Sorry, aliens. Please don’t visit us until we have our shit together.

https://stacksocial.com?aid=a-t05y2r3p

It’s a new space race with China to the Moon and Mars

 By Richard Sammon,

Courtesy NASA

 

Concept rendering of the Orion, NASA’s spacecraft for deep-space exploration.

A new space race looms on the horizon.

The goal: Putting men on the moon again (and maybe women this time, too), echoing the expensive and exhilarating missions that led to Neil Armstrong’s historic step onto the lunar surface in 1969.

A return to the moon seems likely sometime late in the 2020s – more than 50 years after the first trip there. It would be followed, sometime in the 2030s, by a manned flight to Mars, using a lunar base as a departure point.

A U.S.-led team will reach the moon first, just as Americans outpaced the Soviets last time. But China will be nipping at NASA’s heels, poised to win the new race if budget cuts or problems – either political or scientific – disrupt America’s timetable.
So why is a costly return to space under consideration even as many members of Congress are looking to cut federal spending and trim the budget deficit? One factor to weigh is that NASA’s budget won’t be much different than it is now, about $18 billion a year. Private companies will kick in billions more, as will countries eager to partner with the U.S.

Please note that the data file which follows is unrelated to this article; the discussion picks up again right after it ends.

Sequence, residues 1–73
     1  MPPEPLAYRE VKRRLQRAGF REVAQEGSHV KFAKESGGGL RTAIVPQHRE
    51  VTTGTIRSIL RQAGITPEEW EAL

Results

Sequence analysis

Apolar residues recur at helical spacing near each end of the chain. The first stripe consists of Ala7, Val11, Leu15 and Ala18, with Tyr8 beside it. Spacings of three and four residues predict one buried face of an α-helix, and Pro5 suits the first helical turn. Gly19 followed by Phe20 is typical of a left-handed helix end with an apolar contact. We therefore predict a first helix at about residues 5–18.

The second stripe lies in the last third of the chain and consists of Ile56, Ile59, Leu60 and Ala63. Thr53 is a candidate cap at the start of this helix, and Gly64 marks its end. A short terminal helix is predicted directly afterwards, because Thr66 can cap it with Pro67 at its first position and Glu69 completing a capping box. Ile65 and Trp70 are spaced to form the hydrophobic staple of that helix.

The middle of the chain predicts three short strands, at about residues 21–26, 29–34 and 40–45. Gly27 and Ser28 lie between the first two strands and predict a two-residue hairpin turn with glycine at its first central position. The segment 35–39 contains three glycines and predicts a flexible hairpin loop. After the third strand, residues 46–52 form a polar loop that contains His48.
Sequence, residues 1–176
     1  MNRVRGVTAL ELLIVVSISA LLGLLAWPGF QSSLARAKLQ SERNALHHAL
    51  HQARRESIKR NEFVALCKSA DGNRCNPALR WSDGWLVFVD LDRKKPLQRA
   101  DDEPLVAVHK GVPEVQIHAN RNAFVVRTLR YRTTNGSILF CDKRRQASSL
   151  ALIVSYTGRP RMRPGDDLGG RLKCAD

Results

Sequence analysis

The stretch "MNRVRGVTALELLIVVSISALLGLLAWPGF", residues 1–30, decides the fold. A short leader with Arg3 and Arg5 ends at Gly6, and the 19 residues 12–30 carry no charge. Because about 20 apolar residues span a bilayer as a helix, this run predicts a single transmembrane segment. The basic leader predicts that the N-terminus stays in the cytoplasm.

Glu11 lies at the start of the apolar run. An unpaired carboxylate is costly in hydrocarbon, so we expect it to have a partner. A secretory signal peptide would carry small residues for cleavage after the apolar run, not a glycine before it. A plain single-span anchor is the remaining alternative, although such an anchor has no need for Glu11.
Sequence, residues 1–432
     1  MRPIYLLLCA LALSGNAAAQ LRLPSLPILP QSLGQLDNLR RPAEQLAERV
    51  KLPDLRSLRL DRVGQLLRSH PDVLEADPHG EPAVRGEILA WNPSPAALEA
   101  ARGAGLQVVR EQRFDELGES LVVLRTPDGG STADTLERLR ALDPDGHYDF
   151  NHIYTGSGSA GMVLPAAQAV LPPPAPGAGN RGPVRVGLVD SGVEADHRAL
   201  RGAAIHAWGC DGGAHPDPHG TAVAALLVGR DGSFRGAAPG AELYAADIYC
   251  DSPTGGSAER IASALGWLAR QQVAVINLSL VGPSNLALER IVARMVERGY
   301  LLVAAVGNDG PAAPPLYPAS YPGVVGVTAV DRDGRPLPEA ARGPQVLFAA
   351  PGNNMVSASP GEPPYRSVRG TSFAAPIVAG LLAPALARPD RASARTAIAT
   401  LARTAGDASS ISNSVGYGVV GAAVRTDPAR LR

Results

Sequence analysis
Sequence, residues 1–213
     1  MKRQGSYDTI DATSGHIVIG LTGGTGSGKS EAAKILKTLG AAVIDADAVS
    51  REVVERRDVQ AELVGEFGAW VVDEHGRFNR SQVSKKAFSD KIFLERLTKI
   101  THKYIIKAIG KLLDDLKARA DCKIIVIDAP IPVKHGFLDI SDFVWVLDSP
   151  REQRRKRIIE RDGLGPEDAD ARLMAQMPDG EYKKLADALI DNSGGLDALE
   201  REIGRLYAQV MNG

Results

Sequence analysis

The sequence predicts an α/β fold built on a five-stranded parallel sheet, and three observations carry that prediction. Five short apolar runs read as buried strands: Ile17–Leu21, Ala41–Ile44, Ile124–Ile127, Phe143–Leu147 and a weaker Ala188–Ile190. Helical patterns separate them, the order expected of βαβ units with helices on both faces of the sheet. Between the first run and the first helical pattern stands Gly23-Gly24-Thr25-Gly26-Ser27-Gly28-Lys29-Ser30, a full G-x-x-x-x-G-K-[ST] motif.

Another consideration: There is vast potential for scientific gains in health care, technology and telecommunications. Medical experiments, a boon for universities and private companies that partner with NASA, will help astronauts deal with the effects of prolonged weightlessness. Here on Earth, those studies may lead to advances in treating bone and muscle problems in older people.

And there’s a good chance that space missions will lead to the creation of new products that will find uses in daily life. The first era of space exploration brought a number of advances that are now taken for granted: Memory foam for mattresses and pillows. Cordless power tools. Scratch-resistant eyeglass lenses. Even freeze-dried food.

The renewed interest in space travel will also create a string of business opportunities for companies of all sizes. At one end of the scale, SpaceX is getting $1.6 billion to develop and fly rockets. The company, just one of the joint ventures pushed by NASA’s brass, has had a mixed track record so far.

Boeing, Lockheed Martin, Orbital ATK and others will work on lucrative contracts for space vehicles to carry humans and cargo, and will provide other major components and gear. While those giant firms will land much of the space program’s main work, the contracts will require countless subcontractors to provide parts and perform some tasks.

Nearly every state will benefit to a degree, though the bulk of the work will be in states with existing space industry ties: Florida and Texas, of course, but also Alabama, California, Maryland and Virginia.